HUGE wastage has been found at North Lantau Hospital (北大嶼山醫院), which opened in September 2013. Equipment has been left unused on expiry of warranty, some services have still not started and one-fifth of its total area is not utilised.
The shortcomings were revealed by Director of Audit (審計署署長), David Sun Tak-kei (孫德基), who said the unused areas included wards, a day surgery centre and a canteen. The Hospital Authority (醫院管理局) blamed staff shortages and competition for manpower resources from other hospitals.
In 2010 the Legislative Council (立法會) approved funding of HK$2.48 billion for construction of the hospital’s phase one, to provide an accident and emergency department, 180 beds and specialist outpatient clinics.
Authority management said in 2011 that phase one would start to provide services in phases beginning from the third quarter of 2013 and to reach full service in the third quarter of 2016.
However, as of June this year, medical services that have not started include some 120 in-patient beds proposed for commissioning by the third quarter last year, and specialist outpatient services for gynaecology and paediatrics, which had been scheduled to open in the third quarter of 2014.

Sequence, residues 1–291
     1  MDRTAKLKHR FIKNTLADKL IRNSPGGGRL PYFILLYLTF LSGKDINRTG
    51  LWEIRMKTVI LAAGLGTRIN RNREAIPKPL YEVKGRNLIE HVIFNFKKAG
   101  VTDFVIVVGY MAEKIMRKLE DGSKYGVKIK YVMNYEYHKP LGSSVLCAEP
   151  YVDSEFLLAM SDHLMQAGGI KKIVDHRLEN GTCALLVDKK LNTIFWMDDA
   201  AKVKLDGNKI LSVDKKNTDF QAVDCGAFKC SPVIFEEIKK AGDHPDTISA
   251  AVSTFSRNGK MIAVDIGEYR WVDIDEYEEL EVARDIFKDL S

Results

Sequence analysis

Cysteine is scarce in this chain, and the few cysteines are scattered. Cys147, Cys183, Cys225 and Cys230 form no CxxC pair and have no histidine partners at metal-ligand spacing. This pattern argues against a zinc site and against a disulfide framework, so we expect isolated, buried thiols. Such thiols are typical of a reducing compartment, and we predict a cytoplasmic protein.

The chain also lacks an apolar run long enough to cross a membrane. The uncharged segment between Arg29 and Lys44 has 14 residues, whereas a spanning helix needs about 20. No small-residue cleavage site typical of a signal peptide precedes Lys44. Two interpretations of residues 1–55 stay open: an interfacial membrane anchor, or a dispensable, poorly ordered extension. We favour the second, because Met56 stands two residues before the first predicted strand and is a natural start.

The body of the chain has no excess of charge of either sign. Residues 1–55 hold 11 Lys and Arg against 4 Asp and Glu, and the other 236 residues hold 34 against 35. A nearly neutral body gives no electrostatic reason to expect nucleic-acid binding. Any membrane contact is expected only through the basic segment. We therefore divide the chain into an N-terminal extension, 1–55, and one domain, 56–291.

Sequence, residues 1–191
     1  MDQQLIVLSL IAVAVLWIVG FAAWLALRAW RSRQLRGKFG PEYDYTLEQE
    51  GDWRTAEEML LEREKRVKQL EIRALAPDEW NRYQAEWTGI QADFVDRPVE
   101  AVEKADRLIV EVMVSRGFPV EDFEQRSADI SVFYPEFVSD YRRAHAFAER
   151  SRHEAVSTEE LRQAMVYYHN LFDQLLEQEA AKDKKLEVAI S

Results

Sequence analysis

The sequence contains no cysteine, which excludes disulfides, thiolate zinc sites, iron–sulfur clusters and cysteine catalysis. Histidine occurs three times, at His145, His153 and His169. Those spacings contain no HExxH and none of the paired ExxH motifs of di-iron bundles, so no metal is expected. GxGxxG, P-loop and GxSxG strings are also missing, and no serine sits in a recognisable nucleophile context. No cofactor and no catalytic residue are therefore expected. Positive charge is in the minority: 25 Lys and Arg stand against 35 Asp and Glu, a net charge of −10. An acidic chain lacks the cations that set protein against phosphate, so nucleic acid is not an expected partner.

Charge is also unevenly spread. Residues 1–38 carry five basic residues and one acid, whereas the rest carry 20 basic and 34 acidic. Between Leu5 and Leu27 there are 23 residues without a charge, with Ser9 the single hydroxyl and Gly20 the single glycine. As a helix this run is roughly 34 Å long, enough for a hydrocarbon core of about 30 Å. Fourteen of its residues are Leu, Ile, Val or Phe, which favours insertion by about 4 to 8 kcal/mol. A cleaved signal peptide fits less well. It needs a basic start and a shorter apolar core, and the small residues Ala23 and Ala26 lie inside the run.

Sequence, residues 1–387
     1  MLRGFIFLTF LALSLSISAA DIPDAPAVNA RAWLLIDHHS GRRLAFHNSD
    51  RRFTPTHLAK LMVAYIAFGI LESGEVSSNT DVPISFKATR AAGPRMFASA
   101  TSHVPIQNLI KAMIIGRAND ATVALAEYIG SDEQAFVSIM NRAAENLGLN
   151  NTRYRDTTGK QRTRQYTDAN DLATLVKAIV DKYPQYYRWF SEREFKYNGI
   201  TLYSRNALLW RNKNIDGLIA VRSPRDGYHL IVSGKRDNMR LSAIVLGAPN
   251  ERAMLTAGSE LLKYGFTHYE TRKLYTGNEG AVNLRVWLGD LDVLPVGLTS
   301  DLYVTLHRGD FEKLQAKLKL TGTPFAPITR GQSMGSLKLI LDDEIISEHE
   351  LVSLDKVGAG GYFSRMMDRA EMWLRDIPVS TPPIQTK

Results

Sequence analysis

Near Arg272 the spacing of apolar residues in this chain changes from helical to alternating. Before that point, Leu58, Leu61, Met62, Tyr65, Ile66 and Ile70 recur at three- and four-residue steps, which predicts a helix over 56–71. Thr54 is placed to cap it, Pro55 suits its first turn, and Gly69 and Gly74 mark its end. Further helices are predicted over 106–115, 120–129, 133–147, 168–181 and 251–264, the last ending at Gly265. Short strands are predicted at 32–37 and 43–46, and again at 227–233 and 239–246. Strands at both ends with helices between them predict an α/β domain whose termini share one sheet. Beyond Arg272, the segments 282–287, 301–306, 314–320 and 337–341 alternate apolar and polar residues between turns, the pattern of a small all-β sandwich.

The audit found that four years after the opening of the hospital, one-fifth of its total area of 2,867 square metres have not been utilised.
Some pricey medical equipment was also underutilised, including a mobile X-ray machine, which cost HK$1.4 million, whose usage was a mere 6 percent of what had been expected. Equipment such as electric beds and wheelchairs were not put into use, although their warranty had expired.
Meanwhile, the Hospital Authority issued a statement saying that it agreed with and accepted the findings and recommendations of the Director of Audit’s report on its management of public hospital projects. It will gradually implement all the recommendations.
The Director of Audit’s Report on the Government Accounts (政府帳目審計報告書) for the year ended 31 March, 2017, and Report No 69 (第六十九號報告書) on the results of value for money audits were tabled in the Legislative Council on 22 November.
A value-for-money audit is an examination into the economy, efficiency and effectiveness with which any bureau, department, agencyor other public body has discharged its functions.
The report on the accounts provides an overall assurance that the financial statements properly present the assets and liabilities of the government, and the receipts and payments for the year.
The Report No 69 covers a variety of subjects on the administration of government programmes and provision of public services.
(This article is published on Student Standard on 17 December 2017)